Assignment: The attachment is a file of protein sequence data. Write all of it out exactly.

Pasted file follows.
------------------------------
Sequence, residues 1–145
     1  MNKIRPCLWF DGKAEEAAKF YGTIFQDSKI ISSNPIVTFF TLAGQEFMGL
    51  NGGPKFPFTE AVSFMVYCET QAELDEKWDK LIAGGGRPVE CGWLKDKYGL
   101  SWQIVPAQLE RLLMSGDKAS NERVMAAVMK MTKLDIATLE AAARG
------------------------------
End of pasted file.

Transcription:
Sequence, residues 1–145
     1  MNKIRPCLWF DGKAEEAAKF YGTIFQDSKI ISSNPIVTFF TLAGQEFMGL
    51  NGGPKFPFTE AVSFMVYCET QAELDEKWDK LIAGGGRPVE CGWLKDKYGL
   101  SWQIVPAQLE RLLMSGDKAS NERVMAAVMK MTKLDIATLE AAARG